The proverbial ‘jack of all trades,’ maintenance technicians work hands-on in the various areas of equipment, electrical and HVAC systems, and building repair and maintenance. Not only do maintenance technicians provide preventative maintenance, they also perform emergency and non-emergency repairs. For example, if there are any areas of needed repair found within a home, school, or apartment complex, a maintenance technician could be called to troubleshoot and ultimately fix the issue(s). Therefore, maintenance technicians typically have a very broad set of skills. Let’s learn more about this exciting career.
What tasks do maintenance technicians perform?
Maintenance technicians perform many different tasks based on the service request they receive, their employer and the industry they work within. Initially, maintenance technicians will complete the tasks needed to maintain the systems and buildings where they work. This can include tasks like performing systems tests and cleaning of HVAC equipment, cleaning and maintaining wired sensors and electrical systems, and repairing doors, gates, and support structures. Tasks might also include installing smoke detectors, thermostats and lighting; repairing walls and building structures; and small plumbing tasks.
When systems or buildings need repairs, maintenance technicians can also provide those as well. These can be smaller repairs, such as to broken lights or a windows that will not open, or larger repairs, such as a broken staircase or railing, malfunctioning electrical components inside the home, or repairing a furnace.
Typically, maintenance technicians work independently, unless they encounter a task that requires the assistance of a systems specialist. No matter what tasks the maintenance technician is performing, they must always use the standard safety protocols for the type of work they are completing.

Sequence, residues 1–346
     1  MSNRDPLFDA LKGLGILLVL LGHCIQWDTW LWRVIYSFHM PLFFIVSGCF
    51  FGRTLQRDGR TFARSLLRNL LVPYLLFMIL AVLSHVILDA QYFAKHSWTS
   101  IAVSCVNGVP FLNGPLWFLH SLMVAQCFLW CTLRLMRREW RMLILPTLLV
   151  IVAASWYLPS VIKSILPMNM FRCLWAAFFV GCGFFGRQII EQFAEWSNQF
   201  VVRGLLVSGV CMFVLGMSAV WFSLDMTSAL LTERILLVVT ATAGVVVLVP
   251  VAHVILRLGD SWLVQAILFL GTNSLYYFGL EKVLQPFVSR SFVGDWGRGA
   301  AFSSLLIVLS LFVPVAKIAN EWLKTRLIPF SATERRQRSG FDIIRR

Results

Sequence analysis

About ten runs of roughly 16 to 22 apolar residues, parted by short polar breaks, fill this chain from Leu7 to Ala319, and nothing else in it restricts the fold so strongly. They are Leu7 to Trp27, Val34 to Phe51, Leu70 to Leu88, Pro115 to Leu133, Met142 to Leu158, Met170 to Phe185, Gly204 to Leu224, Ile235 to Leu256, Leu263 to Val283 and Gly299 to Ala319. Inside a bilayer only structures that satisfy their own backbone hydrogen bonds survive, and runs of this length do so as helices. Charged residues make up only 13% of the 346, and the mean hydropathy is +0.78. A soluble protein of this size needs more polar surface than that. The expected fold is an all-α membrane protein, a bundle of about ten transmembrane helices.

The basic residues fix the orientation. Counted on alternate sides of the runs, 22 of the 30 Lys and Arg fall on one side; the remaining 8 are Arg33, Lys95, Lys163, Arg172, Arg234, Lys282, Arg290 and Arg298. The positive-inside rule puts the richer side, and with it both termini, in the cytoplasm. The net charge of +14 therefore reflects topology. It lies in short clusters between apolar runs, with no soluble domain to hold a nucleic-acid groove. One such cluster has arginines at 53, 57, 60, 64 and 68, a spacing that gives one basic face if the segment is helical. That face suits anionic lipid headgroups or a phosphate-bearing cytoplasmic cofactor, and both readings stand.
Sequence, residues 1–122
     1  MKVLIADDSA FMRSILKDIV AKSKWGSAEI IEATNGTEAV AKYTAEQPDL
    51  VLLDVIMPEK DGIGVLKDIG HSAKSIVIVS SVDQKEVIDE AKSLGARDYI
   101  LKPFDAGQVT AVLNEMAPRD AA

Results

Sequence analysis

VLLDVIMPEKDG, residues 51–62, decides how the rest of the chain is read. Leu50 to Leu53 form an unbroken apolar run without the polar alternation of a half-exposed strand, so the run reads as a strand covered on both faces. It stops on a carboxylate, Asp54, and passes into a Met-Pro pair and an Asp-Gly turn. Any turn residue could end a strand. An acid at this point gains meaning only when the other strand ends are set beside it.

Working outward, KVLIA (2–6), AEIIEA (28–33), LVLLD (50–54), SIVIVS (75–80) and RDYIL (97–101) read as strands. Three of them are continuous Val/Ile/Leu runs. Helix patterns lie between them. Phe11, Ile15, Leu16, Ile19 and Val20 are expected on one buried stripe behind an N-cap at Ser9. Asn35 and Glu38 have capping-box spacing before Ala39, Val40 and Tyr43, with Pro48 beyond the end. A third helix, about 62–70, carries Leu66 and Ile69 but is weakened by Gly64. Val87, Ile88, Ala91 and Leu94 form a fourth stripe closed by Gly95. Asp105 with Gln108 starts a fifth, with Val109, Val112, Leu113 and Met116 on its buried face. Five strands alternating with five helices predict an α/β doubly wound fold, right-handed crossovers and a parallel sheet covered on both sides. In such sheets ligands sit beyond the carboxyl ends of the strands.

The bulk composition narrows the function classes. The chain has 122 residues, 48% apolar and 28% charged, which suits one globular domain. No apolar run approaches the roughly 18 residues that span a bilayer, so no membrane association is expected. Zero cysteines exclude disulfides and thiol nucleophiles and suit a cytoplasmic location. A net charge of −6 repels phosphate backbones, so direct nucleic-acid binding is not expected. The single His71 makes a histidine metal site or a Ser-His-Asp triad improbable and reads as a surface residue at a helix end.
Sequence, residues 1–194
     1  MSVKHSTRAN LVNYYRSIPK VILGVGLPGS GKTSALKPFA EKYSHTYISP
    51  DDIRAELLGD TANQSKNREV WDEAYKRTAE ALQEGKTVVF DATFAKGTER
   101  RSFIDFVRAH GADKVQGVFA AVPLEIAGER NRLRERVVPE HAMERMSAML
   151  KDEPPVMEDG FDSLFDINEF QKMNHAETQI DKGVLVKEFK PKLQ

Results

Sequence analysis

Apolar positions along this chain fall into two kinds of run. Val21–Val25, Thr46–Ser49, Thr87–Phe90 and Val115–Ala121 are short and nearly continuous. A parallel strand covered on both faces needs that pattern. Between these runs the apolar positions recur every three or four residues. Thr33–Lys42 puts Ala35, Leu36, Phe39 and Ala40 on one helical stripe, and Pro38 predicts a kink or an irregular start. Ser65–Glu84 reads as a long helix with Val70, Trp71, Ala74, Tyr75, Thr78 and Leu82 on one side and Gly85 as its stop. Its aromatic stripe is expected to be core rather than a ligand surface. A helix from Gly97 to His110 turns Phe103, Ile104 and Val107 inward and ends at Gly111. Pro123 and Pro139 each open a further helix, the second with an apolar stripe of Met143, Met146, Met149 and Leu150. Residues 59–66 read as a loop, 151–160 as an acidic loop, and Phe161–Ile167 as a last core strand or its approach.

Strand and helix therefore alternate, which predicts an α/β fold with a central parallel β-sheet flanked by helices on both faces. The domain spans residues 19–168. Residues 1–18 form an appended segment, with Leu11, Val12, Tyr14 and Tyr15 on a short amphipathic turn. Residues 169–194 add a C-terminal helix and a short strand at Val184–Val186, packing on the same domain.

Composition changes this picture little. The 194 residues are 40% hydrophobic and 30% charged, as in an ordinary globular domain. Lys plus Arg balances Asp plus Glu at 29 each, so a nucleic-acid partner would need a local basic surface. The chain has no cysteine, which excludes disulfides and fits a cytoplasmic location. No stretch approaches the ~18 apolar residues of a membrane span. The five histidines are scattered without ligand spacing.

Where do maintenance technicians work?
Maintenance technicians work for many types of industries where building upkeep and repairs are needed regularly. For example, maintenance technicians work for apartment management companies, schools, hospitals, healthcare facilities, and home repair companies.
While some maintenance technicians report to the same location for work each day, others may be responsible for several buildings or locations, or work for a company that takes service requests for local homes and businesses. Ultimately, maintenance technicians can work almost anywhere, though they are typically in the field and do not spend much time inside an office.
How do I become a maintenance technician?
The biggest challenge to becoming a maintenance technician is learning the wide variety of tasks that you may be required to perform. A maintenance technician must be knowledgeable about everything from electrical systems, HVAC systems, simple welding, and basic building repair. In addition, knowing and utilizing all safety protocols for work on each of these systems is of the utmost importance. Enrolling in a certificate program will give you a solid foundation in all of these areas and ensure that safety protocols are also understood.
What is it like to be a maintenance technician?
As a maintenance technician, each day will start with checking for any requested repairs. After working first to assess the issue(s), then you’ll start on repairing broken systems or structures; the rest of the day can be dedicated to routine and preventative maintenance. Each day will include hands-on work, interacting with customers, troubleshooting and making needed repairs. However, each day will likely vary from the day before.
Maintenance technicians can work a traditional day schedule, or can seek employment for different shifts based on preference. Though preventative maintenance can be completed during a scheduled shift, some repairs may be considered emergencies and require after hours or on-call work. Many companies offer both part-time and full-time career opportunities. Some also offer overtime work for additional pay.
Becoming a maintenance technician is an excellent career for those that enjoy hands-on work that incorporates a wide range of systems and building needs. Maintenance technicians can work anywhere, though finding the right organization to work for may require relocation.